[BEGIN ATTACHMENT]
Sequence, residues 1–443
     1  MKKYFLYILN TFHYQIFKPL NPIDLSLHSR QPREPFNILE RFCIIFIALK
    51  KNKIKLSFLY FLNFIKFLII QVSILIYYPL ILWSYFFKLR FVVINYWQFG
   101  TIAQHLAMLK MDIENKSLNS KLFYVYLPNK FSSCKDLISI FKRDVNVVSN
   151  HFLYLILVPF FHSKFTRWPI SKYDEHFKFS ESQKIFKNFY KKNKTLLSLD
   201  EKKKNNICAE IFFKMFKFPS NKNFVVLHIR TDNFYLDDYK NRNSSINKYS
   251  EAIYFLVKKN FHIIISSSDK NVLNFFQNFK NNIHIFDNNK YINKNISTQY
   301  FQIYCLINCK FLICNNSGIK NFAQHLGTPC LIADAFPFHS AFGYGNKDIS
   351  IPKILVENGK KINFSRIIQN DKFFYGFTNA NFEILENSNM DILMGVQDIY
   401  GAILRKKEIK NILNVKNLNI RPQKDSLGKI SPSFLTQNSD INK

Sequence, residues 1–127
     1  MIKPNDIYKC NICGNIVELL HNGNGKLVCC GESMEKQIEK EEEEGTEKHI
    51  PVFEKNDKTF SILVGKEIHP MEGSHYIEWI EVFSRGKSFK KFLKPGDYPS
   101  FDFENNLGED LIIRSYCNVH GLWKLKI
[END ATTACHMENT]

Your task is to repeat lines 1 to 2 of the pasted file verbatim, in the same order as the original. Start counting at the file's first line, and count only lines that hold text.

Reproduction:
Sequence, residues 1–443
     1  MKKYFLYILN TFHYQIFKPL NPIDLSLHSR QPREPFNILE RFCIIFIALK